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 Airlines (1956)

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Pacific Western Airlines (1956)

The main figure in creating Pacific Western Airlines was Russell Baker, a bush pilot well known since the 1930s for his abilities to fly into the most remote regions of the Rocky Mountains, navigating the extreme downdrafts that could cause an aircraft to be dropped hundreds of feet at a moment’s notice. Baker founded Central B.C. Airlines, which developed into a strong presence on the West coast.

At the end of May 1953, Pacific Western Airlines came into being when Central B.C. Airways Ltd. changed its name and absorbed a number of small air service companies that included Associated Air Taxi Ltd., Associated Aero Services Ltd., Associated Air Taxi of Powell Lake, and Port Alberni Airways Ltd. In February 1956, Pacific Western Airlines purchased Associated Airways Ltd. of Edmonton.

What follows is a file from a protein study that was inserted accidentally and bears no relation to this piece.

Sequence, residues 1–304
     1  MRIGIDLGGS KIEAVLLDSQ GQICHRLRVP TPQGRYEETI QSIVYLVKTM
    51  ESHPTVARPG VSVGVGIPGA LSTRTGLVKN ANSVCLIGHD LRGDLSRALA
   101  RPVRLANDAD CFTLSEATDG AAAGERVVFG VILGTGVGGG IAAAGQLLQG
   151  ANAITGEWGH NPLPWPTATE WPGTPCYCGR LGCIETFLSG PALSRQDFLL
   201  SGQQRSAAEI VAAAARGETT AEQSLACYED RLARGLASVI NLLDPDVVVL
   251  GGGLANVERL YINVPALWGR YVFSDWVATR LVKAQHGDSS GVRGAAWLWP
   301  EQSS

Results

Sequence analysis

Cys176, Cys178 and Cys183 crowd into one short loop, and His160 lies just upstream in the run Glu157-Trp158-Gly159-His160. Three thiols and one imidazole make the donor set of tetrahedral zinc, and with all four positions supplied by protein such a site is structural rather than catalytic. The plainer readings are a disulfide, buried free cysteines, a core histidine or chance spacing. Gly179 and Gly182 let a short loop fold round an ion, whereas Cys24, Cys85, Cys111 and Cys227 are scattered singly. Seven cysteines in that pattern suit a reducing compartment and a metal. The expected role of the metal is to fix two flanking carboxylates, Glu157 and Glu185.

Baker’s success was aided by his ability to take advantage of several major projects as he built Pacific Western Airlines into an airline. The first major breakthrough came with the opportunity to provide air support to the building of the hydroelectric and smelting complex for the Aluminium Company of Canada on the west coast. The second project that brought massive growth to Pacific Western Airlines was the Distant Early Warning (DEW) Line, a row of radar stations that stretched out in a line 240 kilometres north of the Arctic Circle.

Pacific Western Airlines developed a solid foundation of north-south services along the west coast and from Edmonton northward along the Mackenzie River.

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